The house, according to Oliver, was rough, being made by “rolling the logs together, the floor being made of God’s footstool, and no door, we were quite happy that we could get corn and hog enough to make us know that the earth was the Lord’s and the fullness thereof.”20 Most cabins were typically fifteen feet square; utensils and furniture were homemade. The walls were chinked with mud. Dirt floors spread with straw were replaced as soon as possible with wooden planks, but William had [p.85] no time for such improvements this first season. He was laboring mightily to clear and plant enough land to keep his family alive during the winter, and also to take his turn with other Mormons scouting the area, “watching the movements of the mob … Thus we labored day and night.”21

Meanwhile, Zina and the children spent the summer in Far West, a prosperous settlement with more than 150 lumber houses, four dry-­goods stores, three family grocery businesses, six blacksmith shops, and two hotels. Its streets were wide and regular, with its grid-iron plan centered on a commodious schoolhouse that did double duty for public and ecclesiastical functions. Work had already begun on the excavation for a temple measuring 120 by 80 feet, a little less than twice the size of Kirtland’s House of the Lord.

After three years away from Dimick and Fanny, and despite William’s absence, Zina must have enjoyed grandmothering and reestablishing her relationship with her daughter-in-law. After arriving in Far West from Kirtland, twenty-year-old Benjamin F. Johnson looked up his friend William D. Huntington, Zina Diantha’s brother. They spent a great deal of time together that summer and Johnson was often at the Huntington home. He marveled at the spirituality of both Zina Diantha and her mother, and their devotion to their religion. He said,

[We] did have the most spirited and enjoyable testimony of power, and never has it left me. To sister Zina [Diantha] was both the gift of tongues and interpretation given, and under the influence of our spiritual enjoyment it seemed we formed a mutual attachment before I left Far West [which] grew into feelings of reciprocal love, with hopes, which although not realized in full, did not hinder our being ever the warmest and truest of friends.22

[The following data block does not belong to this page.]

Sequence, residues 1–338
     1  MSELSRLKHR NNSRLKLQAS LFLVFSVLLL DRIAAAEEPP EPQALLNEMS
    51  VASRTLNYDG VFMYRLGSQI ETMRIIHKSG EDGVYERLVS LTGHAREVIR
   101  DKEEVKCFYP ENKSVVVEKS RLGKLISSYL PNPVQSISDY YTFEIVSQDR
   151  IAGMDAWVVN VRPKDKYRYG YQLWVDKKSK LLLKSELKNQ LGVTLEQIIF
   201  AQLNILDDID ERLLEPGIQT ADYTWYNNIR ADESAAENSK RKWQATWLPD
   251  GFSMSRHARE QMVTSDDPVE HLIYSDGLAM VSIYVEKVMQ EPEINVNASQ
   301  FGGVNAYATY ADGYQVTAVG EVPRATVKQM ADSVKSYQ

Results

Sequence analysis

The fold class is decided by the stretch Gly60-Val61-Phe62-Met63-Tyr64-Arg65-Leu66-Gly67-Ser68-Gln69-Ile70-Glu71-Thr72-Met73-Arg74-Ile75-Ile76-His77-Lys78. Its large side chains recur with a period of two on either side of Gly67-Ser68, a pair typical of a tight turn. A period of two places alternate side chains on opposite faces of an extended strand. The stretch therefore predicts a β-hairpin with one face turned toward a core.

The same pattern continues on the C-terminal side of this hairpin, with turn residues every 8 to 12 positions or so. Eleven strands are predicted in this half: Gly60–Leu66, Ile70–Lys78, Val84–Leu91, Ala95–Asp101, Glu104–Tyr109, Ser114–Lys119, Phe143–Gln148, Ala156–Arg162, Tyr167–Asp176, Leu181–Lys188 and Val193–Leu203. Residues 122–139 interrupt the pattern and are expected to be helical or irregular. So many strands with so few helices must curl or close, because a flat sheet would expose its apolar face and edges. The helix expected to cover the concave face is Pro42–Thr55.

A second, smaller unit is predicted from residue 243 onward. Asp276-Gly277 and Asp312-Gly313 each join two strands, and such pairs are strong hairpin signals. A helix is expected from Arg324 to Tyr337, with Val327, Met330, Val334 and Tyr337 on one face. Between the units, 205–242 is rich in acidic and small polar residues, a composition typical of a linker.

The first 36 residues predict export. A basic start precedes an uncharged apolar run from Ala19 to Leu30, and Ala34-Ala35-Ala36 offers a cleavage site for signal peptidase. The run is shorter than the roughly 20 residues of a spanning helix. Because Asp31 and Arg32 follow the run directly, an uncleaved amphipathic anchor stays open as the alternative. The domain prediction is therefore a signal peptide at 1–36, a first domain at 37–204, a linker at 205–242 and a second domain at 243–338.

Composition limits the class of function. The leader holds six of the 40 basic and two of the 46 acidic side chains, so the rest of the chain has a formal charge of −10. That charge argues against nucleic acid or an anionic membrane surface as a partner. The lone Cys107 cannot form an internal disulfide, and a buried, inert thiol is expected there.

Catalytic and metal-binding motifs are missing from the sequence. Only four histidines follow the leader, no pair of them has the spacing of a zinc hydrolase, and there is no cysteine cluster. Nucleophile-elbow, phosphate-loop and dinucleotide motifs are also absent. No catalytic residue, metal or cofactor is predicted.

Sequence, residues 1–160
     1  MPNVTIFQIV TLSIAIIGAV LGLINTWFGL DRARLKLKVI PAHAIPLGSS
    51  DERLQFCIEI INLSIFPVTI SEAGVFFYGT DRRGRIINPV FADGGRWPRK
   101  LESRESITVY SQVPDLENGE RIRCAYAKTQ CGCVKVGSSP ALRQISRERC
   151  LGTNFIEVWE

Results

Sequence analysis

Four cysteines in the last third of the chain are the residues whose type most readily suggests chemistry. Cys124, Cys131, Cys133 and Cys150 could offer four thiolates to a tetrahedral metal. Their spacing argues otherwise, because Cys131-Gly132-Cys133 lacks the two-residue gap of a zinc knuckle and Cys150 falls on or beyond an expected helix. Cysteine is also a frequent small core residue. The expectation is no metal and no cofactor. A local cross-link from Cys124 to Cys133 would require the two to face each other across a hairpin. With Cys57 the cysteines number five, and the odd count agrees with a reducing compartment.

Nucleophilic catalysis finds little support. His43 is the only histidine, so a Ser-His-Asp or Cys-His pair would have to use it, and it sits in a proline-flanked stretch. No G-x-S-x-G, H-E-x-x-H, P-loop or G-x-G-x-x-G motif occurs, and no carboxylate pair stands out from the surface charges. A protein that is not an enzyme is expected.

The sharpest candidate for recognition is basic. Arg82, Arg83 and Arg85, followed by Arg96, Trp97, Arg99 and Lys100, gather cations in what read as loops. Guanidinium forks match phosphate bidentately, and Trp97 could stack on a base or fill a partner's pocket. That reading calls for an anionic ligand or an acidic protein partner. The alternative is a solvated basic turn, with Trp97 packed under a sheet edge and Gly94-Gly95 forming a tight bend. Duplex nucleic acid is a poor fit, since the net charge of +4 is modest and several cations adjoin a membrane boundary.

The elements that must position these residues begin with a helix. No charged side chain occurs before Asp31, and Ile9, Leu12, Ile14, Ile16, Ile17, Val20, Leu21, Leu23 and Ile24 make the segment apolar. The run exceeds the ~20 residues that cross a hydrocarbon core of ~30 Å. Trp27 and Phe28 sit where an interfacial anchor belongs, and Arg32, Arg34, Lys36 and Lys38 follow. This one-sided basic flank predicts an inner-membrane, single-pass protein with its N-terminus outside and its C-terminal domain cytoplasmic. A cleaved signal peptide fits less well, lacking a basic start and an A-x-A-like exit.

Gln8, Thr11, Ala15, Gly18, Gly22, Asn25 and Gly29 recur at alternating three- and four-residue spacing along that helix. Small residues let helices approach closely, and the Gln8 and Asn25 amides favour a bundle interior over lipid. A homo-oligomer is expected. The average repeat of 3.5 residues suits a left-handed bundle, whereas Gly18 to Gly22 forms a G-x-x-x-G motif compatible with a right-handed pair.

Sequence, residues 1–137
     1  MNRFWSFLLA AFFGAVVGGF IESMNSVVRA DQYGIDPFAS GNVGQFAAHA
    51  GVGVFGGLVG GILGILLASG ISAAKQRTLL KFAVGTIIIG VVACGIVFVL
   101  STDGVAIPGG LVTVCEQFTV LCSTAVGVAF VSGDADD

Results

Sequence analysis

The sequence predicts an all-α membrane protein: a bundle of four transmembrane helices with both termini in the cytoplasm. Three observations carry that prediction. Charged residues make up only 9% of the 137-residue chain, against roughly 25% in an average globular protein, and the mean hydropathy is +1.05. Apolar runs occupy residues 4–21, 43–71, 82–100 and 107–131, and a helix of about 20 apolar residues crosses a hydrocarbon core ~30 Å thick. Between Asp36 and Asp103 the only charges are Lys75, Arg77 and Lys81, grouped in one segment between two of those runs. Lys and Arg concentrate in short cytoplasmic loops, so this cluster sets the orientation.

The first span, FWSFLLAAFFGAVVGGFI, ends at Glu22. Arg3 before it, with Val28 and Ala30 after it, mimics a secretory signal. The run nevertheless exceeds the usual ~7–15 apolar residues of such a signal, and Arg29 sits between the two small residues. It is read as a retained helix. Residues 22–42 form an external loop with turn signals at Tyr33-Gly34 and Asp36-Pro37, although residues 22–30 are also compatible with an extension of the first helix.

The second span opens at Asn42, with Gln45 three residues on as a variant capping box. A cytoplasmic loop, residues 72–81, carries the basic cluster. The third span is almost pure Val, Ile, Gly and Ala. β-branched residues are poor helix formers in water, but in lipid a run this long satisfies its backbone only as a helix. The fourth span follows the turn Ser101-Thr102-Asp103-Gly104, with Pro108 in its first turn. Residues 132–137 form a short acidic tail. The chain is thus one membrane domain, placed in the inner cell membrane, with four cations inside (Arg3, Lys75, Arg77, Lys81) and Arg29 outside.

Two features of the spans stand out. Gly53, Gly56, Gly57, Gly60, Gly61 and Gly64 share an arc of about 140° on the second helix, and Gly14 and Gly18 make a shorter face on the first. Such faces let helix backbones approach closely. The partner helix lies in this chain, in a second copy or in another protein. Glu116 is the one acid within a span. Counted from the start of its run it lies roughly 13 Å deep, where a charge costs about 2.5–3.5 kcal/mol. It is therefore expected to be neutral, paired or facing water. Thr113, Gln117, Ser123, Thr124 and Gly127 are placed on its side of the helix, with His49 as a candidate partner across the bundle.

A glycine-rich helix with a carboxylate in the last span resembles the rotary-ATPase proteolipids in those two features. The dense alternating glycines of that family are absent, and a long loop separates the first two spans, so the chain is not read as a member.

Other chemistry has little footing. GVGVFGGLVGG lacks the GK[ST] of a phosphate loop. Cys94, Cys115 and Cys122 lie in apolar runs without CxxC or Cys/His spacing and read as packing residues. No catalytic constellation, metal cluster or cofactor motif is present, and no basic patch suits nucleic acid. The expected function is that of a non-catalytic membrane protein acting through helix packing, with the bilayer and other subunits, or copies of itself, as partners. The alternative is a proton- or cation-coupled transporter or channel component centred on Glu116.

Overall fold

Joseph Smith probably became impressed by Zina’s and Presendia’s spiritual talents in the same informal way in Missouri as he had in Kirtland.

Zina, Fanny, and Zina Diantha worked harmoniously to prepare meals, make and mend clothing, tend their garden plot, and visit friends and neighbors. Surely they worried when Dimick left suddenly, armed and mounted, or when he and other men talked in low, intense voices at the table. Perhaps William and Zina were able to exchange letters by [p.86] people traveling back and forth, but if so, they have not survived. Oliver and John must have fished the streams and hunted for small game in the woods. Emily Dow Partridge described the lush forest:

The timber around us was mostly hickory with some black walnut. Hazel bushes were plentiful. When the frost came, the nuts would drop from the trees, and they were so thick on the ground, that the children were kept pretty busy gathering them up. That fall, we gathered seven bushels of hickory nuts, and one bushel of black walnuts, and one half bushel of hazelnuts so we had a feast of nuts, if nothing else, through the winter. The cornfields in Missouri were very large and cornstalks grew so high, that they are almost like young forests.23

Less complicated to grow and mill than wheat, corn was the staple of most Saints’ diet. In fact, Emily, whose parents, Edward and Lydia Partridge, had arrived earlier that year, remembered sharing already scarce provisions with newcomers. “We had a little corn meal but no flour. Mother hulled wheat to eke out our bread. I remember seeing mother making some squash pies with corn meal crust. I suppose she thought the children would relish corn dodger and squash better if it were called pie.”24